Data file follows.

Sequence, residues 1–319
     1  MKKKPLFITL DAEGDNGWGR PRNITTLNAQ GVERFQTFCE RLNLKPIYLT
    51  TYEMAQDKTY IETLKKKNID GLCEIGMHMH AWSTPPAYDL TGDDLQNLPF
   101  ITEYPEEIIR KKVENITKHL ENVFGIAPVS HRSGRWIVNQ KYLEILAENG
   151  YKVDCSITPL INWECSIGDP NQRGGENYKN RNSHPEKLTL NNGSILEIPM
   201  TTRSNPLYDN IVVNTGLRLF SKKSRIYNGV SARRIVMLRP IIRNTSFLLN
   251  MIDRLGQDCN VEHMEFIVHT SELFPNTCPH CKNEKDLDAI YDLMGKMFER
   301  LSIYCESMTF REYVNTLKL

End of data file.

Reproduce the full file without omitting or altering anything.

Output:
Sequence, residues 1–319
     1  MKKKPLFITL DAEGDNGWGR PRNITTLNAQ GVERFQTFCE RLNLKPIYLT
    51  TYEMAQDKTY IETLKKKNID GLCEIGMHMH AWSTPPAYDL TGDDLQNLPF
   101  ITEYPEEIIR KKVENITKHL ENVFGIAPVS HRSGRWIVNQ KYLEILAENG
   151  YKVDCSITPL INWECSIGDP NQRGGENYKN RNSHPEKLTL NNGSILEIPM
   201  TTRSNPLYDN IVVNTGLRLF SKKSRIYNGV SARRIVMLRP IIRNTSFLLN
   251  MIDRLGQDCN VEHMEFIVHT SELFPNTCPH CKNEKDLDAI YDLMGKMFER
   301  LSIYCESMTF REYVNTLKL